• Assistance to victims of the earthquakes in Turkey and Syria
  • Assistance to refugees of the Russo-Ukrainian war
  • Support the activities of the Hungary Helps Program

Last week, we talked about how the law coming into force on January 1, 2024, will bring significant changes to the Agency’s operations. What does this change mean for your day-to-day work?

Péter Kovács: The new law enables us to transition from grant managers to implementers, enhancing our ability to respond to challenges with greater efficiency and speed. Previously, we used to transfer funds to a third party, such as a Hungarian or international NGO, who would implement the programs. Although we have always worked with organizations in whom we had full trust and thus these partnerships have always been successful, in office in Budapest, we often felt pretty disconnected from project activities. Now that we may become implementers, we can take on responsibility and control, which in some cases can have many advantages.


In what scenarios might these advantages be evident?

Péter Kovács: With our legal status and expanded infrastructure, along with access to diplomatic channels, we are better positioned to be effective and support NGOs working on-the-ground. For instance, as a public organization, we can navigate bureaucratic hurdles more smoothly in e.g.: African locations where NGOs, despite their local expertise, may face licensing complexities. Additionally, our enhanced status grants us improved access to high-risk areas, increased opportunities to secure external funding, and greater potential for collaboration with similar agencies, thereby amplifying our impact. Determining when to leverage these advantages requires project-specific judgment, but the opportunities are abundant.


Hungary will hold the Presidency of the Council of the European Union from July 1 to December 31, 2024. What opportunities does this present for the Agency?

Péter Kovács: During the presidency, policy meetings are chaired by the incumbent country. This also applies, for example, to the Committee on Development (CODEV), so that Hungarian priorities will be given greater emphasis. As the implementer for international development, the Agency will play a crucial role in advancing these priorities. Essentially, we will serve as catalysts, driving initiatives forward and fostering collaboration. The presidency also offers a significant platform to raise awareness of the nascent development agenda and thus attract potential partners.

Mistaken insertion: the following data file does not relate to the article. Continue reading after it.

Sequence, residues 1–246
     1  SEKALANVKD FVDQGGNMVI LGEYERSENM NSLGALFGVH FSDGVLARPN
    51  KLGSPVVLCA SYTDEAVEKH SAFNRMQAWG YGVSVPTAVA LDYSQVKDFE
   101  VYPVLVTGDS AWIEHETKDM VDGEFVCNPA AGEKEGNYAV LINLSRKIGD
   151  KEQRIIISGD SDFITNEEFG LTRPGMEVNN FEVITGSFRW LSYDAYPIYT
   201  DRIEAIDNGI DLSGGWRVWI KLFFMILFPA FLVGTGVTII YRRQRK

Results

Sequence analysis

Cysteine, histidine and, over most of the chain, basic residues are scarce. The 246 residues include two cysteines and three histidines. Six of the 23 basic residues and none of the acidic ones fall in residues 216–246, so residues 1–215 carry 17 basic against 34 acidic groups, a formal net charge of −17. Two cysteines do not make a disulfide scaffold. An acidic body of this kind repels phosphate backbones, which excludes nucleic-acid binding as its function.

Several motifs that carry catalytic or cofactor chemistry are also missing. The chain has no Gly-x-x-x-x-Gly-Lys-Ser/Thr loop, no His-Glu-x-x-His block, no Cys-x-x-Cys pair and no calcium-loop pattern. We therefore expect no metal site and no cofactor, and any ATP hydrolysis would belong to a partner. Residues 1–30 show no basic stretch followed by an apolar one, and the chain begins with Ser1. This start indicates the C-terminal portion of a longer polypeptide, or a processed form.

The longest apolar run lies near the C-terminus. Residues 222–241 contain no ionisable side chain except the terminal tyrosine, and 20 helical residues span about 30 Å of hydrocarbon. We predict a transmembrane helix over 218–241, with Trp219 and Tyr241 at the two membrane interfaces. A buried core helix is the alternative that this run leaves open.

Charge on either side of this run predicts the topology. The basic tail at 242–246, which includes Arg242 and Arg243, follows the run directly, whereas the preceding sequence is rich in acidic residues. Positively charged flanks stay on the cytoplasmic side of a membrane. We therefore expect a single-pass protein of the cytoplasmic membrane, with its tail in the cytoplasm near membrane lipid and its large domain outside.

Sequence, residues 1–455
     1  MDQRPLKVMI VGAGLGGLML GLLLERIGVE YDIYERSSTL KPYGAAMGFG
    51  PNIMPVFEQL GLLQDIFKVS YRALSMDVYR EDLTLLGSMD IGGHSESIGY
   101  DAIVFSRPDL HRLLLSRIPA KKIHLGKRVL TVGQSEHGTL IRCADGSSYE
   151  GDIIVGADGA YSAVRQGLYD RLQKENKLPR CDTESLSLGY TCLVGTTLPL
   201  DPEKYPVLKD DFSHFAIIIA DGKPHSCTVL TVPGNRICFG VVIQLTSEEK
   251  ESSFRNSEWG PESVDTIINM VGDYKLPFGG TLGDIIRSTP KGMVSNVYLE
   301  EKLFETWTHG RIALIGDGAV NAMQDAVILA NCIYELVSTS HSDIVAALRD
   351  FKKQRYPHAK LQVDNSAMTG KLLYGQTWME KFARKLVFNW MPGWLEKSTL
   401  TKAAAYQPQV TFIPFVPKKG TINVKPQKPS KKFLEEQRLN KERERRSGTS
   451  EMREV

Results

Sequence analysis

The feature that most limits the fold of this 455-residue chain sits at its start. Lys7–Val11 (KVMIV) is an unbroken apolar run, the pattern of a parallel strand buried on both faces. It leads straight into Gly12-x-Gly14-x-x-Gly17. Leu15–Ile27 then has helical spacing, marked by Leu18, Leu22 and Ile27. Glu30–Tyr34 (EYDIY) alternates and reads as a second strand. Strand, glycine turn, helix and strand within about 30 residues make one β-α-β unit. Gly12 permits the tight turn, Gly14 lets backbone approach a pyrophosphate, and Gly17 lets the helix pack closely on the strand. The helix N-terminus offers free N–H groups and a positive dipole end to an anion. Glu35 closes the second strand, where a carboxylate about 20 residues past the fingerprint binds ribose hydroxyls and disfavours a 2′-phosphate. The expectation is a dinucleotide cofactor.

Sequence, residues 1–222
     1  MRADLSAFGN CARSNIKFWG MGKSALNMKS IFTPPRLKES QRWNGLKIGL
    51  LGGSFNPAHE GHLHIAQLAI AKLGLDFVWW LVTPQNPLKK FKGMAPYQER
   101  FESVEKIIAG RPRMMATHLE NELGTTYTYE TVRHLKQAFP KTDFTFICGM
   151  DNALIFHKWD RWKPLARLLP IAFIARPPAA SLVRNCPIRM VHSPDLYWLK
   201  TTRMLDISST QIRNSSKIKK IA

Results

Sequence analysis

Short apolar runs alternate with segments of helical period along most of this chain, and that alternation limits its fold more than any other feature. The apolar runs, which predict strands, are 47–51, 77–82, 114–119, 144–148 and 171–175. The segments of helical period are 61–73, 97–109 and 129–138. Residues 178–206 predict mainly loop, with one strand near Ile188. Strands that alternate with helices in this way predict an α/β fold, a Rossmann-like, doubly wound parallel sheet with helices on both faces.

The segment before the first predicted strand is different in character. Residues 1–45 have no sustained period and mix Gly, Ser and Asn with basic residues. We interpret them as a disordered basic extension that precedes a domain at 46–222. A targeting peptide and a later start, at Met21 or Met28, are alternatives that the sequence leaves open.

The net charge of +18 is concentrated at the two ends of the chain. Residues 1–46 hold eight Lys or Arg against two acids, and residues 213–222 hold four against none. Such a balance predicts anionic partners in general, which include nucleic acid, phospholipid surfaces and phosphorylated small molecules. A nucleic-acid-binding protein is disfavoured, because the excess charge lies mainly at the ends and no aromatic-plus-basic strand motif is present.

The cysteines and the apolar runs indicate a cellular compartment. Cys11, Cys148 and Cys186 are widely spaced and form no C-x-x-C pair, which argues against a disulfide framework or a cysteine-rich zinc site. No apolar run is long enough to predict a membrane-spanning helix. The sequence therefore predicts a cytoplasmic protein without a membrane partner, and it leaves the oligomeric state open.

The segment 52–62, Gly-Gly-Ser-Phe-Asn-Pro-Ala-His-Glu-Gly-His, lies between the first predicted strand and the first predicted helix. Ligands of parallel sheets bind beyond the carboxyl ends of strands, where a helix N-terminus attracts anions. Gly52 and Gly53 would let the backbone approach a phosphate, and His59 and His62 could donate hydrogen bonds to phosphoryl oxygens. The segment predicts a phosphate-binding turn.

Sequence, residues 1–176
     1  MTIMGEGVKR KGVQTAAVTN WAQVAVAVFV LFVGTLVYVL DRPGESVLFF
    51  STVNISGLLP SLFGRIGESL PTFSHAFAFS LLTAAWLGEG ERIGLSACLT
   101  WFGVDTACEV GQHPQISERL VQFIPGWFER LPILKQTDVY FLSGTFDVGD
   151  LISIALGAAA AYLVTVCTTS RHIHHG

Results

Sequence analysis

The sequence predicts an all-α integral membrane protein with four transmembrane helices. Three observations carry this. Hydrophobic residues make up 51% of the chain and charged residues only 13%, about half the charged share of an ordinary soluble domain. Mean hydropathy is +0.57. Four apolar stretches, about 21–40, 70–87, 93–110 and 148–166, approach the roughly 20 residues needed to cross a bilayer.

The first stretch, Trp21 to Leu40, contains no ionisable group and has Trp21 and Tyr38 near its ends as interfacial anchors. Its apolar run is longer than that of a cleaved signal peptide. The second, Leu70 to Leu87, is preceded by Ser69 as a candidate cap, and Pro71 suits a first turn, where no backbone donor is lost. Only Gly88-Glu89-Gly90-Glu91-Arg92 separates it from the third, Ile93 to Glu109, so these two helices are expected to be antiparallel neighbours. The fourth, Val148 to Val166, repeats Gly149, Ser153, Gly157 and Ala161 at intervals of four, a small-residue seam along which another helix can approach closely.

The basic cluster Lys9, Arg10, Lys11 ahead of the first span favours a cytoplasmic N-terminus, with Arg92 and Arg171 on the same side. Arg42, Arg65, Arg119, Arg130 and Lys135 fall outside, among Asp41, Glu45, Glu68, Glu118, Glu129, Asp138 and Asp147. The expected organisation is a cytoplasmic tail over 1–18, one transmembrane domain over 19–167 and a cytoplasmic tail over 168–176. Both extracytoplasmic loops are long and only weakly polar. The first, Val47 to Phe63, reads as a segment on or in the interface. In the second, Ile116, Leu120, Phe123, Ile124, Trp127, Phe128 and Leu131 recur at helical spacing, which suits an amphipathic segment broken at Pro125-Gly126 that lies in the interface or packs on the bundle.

How do you envision the Agency in 5-10 or even 20 years?

Péter Kovács: This entails considerations of financial, operational, and personnel aspects. Financially, our goal is to continue augmenting international funding and forge deeper cooperation with like-minded agencies. We aim to leverage Hungarian expertise, connections, and commitment alongside partners with greater resource potential. We also believe that it is important that the activities of the Hungary Helps Program are managed coherently. Mere disaster relief isn’t sufficient; the next step is to help rebuilding and development. And when the disaster situation is over, and there are homes to live in, schools to go to, or hospitals, etc., we must also try to lift the community economically. Staying in one’s homeland requires more than just keeping someone’s life safe. You also need to see how you are going to support your family, educate your children, sustain your business. There are different phases of assistance, and the key is not to fragment your resources. When a region or a community goes from a very bad situation to a prosperous situation with our help, then we can truly say that we have been successful.


That sounds as a monumental task for such a small agency.

Péter Kovács: Here, we can reflect on the human aspect of the previous question. I often think of Mother Teresa, whose human qualities and attitude are exemplary, but only a few people know that she was also an extremely strong-willed and determined person. She excelled as a professional organizer and manager, effectively building up her network, which continues to operate successfully around the world even without her presence. We aspire to emulate her, combining our professional organizing skills with the compassionate assistance for which Mother Teresa and her sisters were renowned – aiding those in need where we encounter suffering. Earlier, I mentioned the importance of seeking understanding to make rational decisions. Empathy is equally crucial, especially since we primarily assist communities affected by tragedy. One of our recent experiences involves collaborating with the Diocese of Makurdi in Nigeria, specifically in a part of Benue State inhabited by the Tiv tribe. Here half of the community is Muslim, while the other half is Christian, and typically these groups coexist peacefully. However, the recent surge of political Islamism, mainly due to the infiltration of Boko Haram, has resulted in dire consequences, including the massacre of Christian villages. The number of internally displaced people has now soared to hundreds of thousands, enduring horrendous conditions and unspeakable atrocities. It’s vital to provide assistance methodically to ensure proper accountability. Yet, if we fail to empathize with people who have lost everything, with half of their families slain, and who rely on our support to feed themselves each day, then we cannot fulfil our mission.